Recital 9
Harmonised rules applicable to the placing on the market, the putting into service and the use of high-risk AI systems should be laid down consistently with Regulation (EC) No 765/2008 of the European Parliament and of the Council7, Decision No 768/2008/EC of the European Parliament and of the Council8 and Regulation (EU) 2019/1020 of the European Parliament and of the Council9 (New Legislative Framework). The harmonised rules laid down in this Regulation should apply across sectors and, in line with the New Legislative Framework, should be without prejudice to existing Union law, in particular on data protection, consumer protection, fundamental rights, employment, and protection of workers, and product safety, to which this Regulation is complementary.
As a consequence, all rights and remedies provided for by such Union law to consumers, and other persons on whom AI systems may have a negative impact, including as regards the compensation of possible damages pursuant to Council Directive 85/374/EEC10 remain unaffected and fully applicable. Furthermore, in the context of employment and protection of workers, this Regulation should therefore not affect Union law on social policy and national labour law, in compliance with Union law, concerning employment and working conditions, including health and safety at work and the relationship between employers and workers. This Regulation should also not affect the exercise of fundamental rights as recognised in the Member States and at Union level, including the right or freedom to strike or to take other action covered by the specific industrial relations systems in Member States as well as the right to negotiate, to conclude and enforce collective agreements or to take collective action in accordance with national law.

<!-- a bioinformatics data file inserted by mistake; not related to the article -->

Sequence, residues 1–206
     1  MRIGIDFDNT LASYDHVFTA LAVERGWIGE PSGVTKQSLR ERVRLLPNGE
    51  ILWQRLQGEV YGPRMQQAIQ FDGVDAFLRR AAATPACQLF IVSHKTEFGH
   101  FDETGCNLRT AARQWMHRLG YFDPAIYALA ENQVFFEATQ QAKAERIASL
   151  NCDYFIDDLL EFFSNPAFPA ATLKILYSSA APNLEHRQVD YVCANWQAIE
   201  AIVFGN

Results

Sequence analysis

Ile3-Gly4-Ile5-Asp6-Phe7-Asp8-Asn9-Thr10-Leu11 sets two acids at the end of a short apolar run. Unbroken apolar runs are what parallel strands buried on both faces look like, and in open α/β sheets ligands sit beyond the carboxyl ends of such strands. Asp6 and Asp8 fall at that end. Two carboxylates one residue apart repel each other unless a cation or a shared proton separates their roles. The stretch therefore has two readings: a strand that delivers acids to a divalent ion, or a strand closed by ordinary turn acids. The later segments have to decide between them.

This Regulation should not affect the provisions aiming to improve working conditions in platform work laid down in a Directive of the European Parliament and of the Council on improving working conditions in platform work. Moreover, this Regulation aims to strengthen the effectiveness of such existing rights and remedies by establishing specific requirements and obligations, including in respect of the transparency, technical documentation and record-keeping of AI systems. Furthermore, the obligations placed on various operators involved in the AI value chain under this Regulation should apply without prejudice to national law, in compliance with Union law, having the effect of limiting the use of certain AI systems where such law falls outside the scope of this Regulation or pursues legitimate public interest objectives other than those pursued by this Regulation. For example, national labour law and law on the protection of minors, namely persons below the age of 18, taking into account the UNCRC General Comment No 25 (2021) on children’s rights in relation to the digital environment, insofar as they are not specific to AI systems and pursue other legitimate public interest objectives, should not be affected by this Regulation.
Recital 10
The fundamental right to the protection of personal data is safeguarded in particular by Regulations (EU) 2016/67911 and (EU) 2018/172512 of the European Parliament and of the Council and Directive (EU) 2016/680 of the European Parliament and of the Council13. Directive 2002/58/EC of the European Parliament and of the Council14 additionally protects private life and the confidentiality of communications, including by way of providing conditions for any storing of personal and non-personal data in, and access from, terminal equipment. Those Union legal acts provide the basis for sustainable and responsible data processing, including where data sets include a mix of personal and non-personal data. This Regulation does not seek to affect the application of existing Union law governing the processing of personal data, including the tasks and powers of the independent supervisory authorities competent to monitor compliance with those instruments.